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GPIF sees geopolitical tensions as ESG incentives

The world’s largest pension fund is wielding its bargaining powers to drive environmental, social and governance (ESG) development across Asia.
GPIF sees geopolitical tensions as ESG incentives

Geopolitical tensions and rising energy prices only provide more incentives for Asian policymakers and investors to adopt ESG strategies, according to Japan’s $1.6-trillion Government Pension Investment Fund (GPIF).

GPIF will also be wielding its strong bargaining power as the world’s largest pension fund to drive ESG adoption across Asia.

“No one can deny the importance of climate change in the mid-to-long term. The rise in energy prices will give more incentive for Asian countries to think more seriously about energy policies and the development of new energy,” said GPIF’s governor Naoko Nemoto. 

Naoko Nemoto,
GPIF

The crisis between Russia and Ukraine, along with US-China tensions, have been driving up energy prices globally. However, Nemoto told a Financial Times webinar on Tuesday that she believes global trends and coordination around ESG will not be much affected.

One of GPIF’s mid-term objectives is to increase alternative investments, which stood at 0.92%, or $15 billion, of the $1.6 trillion portfolio as of the end of 2021. The maximum portion of alternative assets is capped at 5%.

“We are quite keen to explore more investments in Asian markets. When we expand investments in Asia, ESG factors are quite important,” Nemoto said.  

She pointed out that as global markets face challenges such as rising interest rates and inflation, ESG is an important factor to ensure resilience, as she found out during the pandemic that companies with good ESG scores have more stable stock performance and can attract more long-term investors.

“It [has been] conceived by many other Japanese investors [besides GPIF] that ESG strategy and disclosure would be important for Asian corporates, to attract more finance,” she said.

GPIF's portfolio as of the end of 2021. (Source: GPIF)

TRACKING PROGRESS

The Japanese pension fund is also increasing investment in ESG indices each year. Most recently, GPIF adopted an ESG index, the FTSE Blossom Japan Sector Relative Index, for Japanese equities investments. It will passively invest $6.2 billion to track the index. There are now eight ESG indices for both Japanese and foreign equities adopted by GPIF, it said in an announcement on Wednesday.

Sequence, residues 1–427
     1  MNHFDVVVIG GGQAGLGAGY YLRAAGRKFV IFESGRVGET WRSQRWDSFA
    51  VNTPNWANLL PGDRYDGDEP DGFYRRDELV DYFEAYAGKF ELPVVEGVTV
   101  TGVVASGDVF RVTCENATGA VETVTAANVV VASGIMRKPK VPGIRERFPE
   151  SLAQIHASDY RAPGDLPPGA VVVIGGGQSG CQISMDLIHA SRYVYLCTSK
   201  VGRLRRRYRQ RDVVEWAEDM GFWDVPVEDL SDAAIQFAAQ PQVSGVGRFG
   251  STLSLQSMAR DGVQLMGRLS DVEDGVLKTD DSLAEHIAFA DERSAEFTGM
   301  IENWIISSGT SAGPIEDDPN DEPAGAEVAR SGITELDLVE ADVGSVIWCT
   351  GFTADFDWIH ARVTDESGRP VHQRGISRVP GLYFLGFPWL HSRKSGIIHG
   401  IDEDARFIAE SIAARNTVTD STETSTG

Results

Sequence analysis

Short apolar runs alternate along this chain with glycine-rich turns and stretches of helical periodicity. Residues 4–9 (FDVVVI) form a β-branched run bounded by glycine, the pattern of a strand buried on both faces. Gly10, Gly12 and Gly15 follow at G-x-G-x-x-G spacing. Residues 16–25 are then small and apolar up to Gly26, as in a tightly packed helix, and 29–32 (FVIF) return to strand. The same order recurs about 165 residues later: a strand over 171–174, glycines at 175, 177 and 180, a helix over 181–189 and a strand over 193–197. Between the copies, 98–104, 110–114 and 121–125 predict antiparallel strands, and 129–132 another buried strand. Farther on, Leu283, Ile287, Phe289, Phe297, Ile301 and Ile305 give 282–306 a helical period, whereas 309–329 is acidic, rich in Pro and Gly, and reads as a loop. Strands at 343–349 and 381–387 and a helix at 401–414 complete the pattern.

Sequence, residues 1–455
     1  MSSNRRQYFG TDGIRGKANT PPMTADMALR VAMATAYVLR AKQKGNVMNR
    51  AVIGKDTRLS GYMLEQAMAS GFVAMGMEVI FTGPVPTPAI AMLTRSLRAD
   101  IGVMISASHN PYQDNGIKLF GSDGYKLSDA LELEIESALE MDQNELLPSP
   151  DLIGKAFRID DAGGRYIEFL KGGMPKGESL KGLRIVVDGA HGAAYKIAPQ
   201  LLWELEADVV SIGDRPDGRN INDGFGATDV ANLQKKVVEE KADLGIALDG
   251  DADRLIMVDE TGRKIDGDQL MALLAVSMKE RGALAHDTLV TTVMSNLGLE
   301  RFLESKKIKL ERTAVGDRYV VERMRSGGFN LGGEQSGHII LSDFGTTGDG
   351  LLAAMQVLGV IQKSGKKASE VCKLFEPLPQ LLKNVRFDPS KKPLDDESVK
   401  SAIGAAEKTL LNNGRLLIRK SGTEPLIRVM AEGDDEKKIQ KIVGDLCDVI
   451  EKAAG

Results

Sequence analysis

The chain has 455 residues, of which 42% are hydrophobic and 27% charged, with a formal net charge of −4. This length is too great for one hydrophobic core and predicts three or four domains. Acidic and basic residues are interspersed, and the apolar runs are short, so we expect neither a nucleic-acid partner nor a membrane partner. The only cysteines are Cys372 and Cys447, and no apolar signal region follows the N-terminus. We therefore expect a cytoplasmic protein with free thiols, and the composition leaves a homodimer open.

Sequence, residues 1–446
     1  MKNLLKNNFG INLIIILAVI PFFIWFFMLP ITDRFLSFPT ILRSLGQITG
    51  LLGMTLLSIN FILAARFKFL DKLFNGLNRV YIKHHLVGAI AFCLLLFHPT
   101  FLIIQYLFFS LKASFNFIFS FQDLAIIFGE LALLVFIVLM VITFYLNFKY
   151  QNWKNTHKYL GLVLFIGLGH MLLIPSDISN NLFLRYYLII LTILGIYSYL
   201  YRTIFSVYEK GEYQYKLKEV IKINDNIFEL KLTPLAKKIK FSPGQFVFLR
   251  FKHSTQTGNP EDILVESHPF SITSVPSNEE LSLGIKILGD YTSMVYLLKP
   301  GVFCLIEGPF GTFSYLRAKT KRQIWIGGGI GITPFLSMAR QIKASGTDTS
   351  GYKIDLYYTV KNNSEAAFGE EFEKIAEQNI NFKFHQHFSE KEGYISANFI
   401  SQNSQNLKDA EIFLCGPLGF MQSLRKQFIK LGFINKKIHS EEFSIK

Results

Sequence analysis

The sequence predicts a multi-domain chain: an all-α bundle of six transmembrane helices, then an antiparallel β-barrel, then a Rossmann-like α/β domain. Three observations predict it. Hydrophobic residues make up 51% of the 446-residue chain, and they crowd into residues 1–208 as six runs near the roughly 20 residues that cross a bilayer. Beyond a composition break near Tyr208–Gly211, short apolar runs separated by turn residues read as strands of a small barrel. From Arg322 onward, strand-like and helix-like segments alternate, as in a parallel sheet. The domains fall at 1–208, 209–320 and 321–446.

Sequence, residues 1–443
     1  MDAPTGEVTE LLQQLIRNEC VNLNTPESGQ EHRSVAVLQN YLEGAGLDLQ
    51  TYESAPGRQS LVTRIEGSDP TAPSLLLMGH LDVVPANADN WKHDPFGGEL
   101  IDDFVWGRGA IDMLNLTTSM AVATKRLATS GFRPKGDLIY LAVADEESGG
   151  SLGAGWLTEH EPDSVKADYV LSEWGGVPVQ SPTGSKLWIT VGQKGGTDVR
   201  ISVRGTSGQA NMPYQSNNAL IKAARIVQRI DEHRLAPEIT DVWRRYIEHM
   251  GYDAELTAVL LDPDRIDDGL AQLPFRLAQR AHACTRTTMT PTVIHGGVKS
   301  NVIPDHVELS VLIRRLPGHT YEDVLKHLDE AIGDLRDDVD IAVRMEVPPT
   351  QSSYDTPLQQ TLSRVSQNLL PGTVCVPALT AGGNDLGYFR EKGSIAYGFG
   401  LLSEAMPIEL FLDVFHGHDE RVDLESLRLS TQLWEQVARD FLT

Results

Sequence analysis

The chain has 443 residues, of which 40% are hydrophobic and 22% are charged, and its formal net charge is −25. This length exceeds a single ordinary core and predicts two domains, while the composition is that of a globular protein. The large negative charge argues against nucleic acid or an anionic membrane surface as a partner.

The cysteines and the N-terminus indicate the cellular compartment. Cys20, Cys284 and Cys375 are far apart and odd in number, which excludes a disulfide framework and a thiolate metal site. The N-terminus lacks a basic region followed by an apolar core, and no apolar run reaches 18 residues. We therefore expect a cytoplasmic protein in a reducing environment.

“GPIF will aim to ensure long-term profits from the sustainable growth of portfolio companies and the market as a whole through its ESG investment and stewardship activities, continuing to improve the indices we have already adopted, and adopt new indices,” GPIF President Masataka Miyazono said in the announcement.

The selection of the index is primarily based on FTSE Russell’s ESG ratings. Evaluation of companies’ management attitude toward risks and opportunities of climate change is also considered, GPIF said.

GPIF’s expansion in ESG indices has provided incentives for companies to improve ESG performance in order to be included in those indices and attract funding from GPIF, Nemoto said.

This also applies to asset management companies. “We choose asset management companies based on the integration of ESG and their know-how in data analysis. And for asset management companies, it's quite critical to be selected by the GPIF,” Nemoto said.

FULL DISCLOSURE

In March, GPIF disclosed lists of companies nominated by its asset managers for doing well in ESG integration and disclosure.

It requested external asset managers of Japanese equities to each nominate up to 10 companies for creating excellent and most-improved integrated reports in 2021, as well as explaining why they chose these companies and what they expected in terms of improvements..

For foreign equity investments, GPIF also asked its external managers to nominate up to five companies for “excellent Task Force on Climate-Related Financial Disclosures (TCFD)” and up to three companies each for “excellent disclosure of governance, strategy, risk management, and metrics and targets”.

Companies selected by GPIF’s external asset managers for excellent TCFD disclosure
(Source: Disclosed by GPIF on March 23, 2022)

These requests have translated into lists of nearly 100 companies that were doing well in the categories. They were disclosed by GPIF in March with detailed remarks on why these companies were nominated and evaluated.

“GPIF has a very strong stewardship focus, and has been quite vocal and hard on external managers. Since 2018, they have been paying management fees only to those asset managers that outperform the benchmark. In addition, they recently revised their operating policy, which is now very specific around what they expect for asset managers and ESG,” said Diego López, managing director of Global SWF.

“We have not seen anything that detailed and strict in the industry, and it will definitely make an impact on how other sovereign investors may start looking at this topic. We believe the alignment of asset owners and asset managers will be a key theme in the next few years, and GPIF could be setting an important trend around ESG,” López said. 

¬ Haymarket Media Limited. All rights reserved.
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